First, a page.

Treasurer calls 2014 election ‘pivotal’
By Mike Nolan email@example.com August 12, 2013 5:54PM
Illinois State Treasurer Dan Rutherford talks to members of the Southland Chamber of Commerce Monday at the Tinley Park Convention Center. | Mike Nolan~Sun-Times Media
Updated: September 14, 2013 6:14AM
While it wasn’t a stump speech, state treasurer and Republican gubernatorial candidate Dan Rutherford on Monday told Southland business leaders that the 2014 election is “pivotal,” and the next governor “may well determine where Illinois is going to go for a very long time to come.”
Rutherford, who has been treasurer since January 2011, talked for a bit about waste and inefficiency that he said he has purged from his office. But he focused most of his comments to the Southland Chamber of Commerce on the state’s fiscal ills — calling Illinois the “most financially stressed state in all of America” — and, in particular, its pension funding crisis.
Rutherford described the 2014 election as a “pressure point” for legislators facing re-election, with voters rewarding those who act decisively on the pension issue and dismissing the rest.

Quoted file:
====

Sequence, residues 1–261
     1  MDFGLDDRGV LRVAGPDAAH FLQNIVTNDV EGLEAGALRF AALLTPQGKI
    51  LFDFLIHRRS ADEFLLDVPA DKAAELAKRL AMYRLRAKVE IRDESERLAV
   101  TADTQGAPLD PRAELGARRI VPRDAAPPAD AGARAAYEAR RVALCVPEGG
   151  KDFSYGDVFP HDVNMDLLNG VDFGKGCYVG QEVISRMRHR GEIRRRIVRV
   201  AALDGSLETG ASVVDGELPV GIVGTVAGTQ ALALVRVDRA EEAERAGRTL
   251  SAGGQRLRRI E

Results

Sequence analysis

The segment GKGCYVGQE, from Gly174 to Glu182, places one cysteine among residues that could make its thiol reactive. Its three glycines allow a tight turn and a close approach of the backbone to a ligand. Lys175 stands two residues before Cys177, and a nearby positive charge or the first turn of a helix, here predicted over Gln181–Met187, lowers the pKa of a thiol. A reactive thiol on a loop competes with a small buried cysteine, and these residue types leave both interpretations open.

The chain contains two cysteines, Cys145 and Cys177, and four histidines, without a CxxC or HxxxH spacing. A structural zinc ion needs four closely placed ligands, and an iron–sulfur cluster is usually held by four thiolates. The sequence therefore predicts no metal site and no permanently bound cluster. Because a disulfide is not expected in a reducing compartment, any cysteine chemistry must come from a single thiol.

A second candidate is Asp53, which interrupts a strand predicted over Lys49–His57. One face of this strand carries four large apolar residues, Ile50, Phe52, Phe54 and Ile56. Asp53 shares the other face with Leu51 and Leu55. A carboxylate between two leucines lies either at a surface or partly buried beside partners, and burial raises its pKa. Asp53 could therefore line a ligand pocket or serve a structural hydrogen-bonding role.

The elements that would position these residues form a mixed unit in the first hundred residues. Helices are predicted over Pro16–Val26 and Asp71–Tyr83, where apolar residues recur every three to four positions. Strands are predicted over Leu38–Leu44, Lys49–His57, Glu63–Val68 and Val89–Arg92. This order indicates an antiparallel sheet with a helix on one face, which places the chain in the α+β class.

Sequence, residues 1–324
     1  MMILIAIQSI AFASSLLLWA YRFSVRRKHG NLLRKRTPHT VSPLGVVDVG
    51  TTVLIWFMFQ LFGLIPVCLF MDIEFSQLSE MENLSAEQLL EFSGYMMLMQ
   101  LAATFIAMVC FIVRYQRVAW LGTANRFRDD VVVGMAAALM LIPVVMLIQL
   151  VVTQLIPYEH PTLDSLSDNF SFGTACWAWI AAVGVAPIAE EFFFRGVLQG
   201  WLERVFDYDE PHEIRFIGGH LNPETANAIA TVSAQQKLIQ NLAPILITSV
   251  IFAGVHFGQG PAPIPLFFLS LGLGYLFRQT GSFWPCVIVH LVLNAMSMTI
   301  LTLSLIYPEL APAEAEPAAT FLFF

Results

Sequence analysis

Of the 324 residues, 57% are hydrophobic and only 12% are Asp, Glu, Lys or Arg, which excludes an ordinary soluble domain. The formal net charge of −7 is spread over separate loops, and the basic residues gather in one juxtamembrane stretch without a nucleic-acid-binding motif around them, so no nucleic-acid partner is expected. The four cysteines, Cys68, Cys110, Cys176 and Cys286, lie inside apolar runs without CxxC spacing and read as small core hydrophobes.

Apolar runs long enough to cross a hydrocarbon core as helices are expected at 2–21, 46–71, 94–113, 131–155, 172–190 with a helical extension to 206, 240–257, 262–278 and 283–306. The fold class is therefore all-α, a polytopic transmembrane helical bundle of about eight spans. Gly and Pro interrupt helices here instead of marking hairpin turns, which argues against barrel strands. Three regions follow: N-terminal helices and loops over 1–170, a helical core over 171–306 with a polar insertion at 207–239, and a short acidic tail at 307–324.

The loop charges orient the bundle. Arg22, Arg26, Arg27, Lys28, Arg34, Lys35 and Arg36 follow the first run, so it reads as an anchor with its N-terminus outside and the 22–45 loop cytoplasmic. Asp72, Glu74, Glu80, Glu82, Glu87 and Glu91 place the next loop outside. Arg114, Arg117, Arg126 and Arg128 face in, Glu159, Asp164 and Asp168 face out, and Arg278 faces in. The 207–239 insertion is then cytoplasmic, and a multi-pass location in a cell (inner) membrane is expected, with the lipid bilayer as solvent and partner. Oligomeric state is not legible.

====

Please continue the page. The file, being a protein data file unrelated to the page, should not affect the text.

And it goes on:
Pension reform “is not going to be pretty” and has the potential to be painful, with the likelihood of scaled-back benefits to current and future retirees, he said. But legislative leaders who’ve balked at more substantial reform measures can no longer ignore the fiscal path the state is on, Rutherford said.
“Some tough love needs to come into the capital city,” he told the chamber meeting at the Tinley Park Convention Center. “What it’s going to take is everybody putting it all on the table.”
Along with Illinois’ sinking bond rating, which has made it more expensive for the state to borrow money, Rutherford said drastic steps taken to shore up the state’s financial condition haven’t achieved their goals.
In January 2011, when legislators voted to raise the state income tax from 3 percent to 5 percent, outstanding bills owed to vendors stood at $8.5 billion — and had reached $9 billion by last January, he said.
Although meant to help the state reduce its huge backlog of unpaid bills, the income tax increase “was a disaster” because legislators didn’t address the underlying fiscal problems facing the state, Rutherford said.
“We can’t keep doing what we’re doing,” he said.
Senate Minority Leader Christine Radogno (R-Lemont), who was in the audience for Rutherford’s remarks, said after his talk that a “comprehensive financial plan” needs to be crafted to address Illinois’ fiscal issues and that resolving them “is not going to be an overnight fix.”
Dismissing the income tax hike as among a host of Democrats’ “short-term fixes that haven’t worked,” Radogno said other revenue sources need to be explored, such as extending the sales tax to services, which has been done in other states.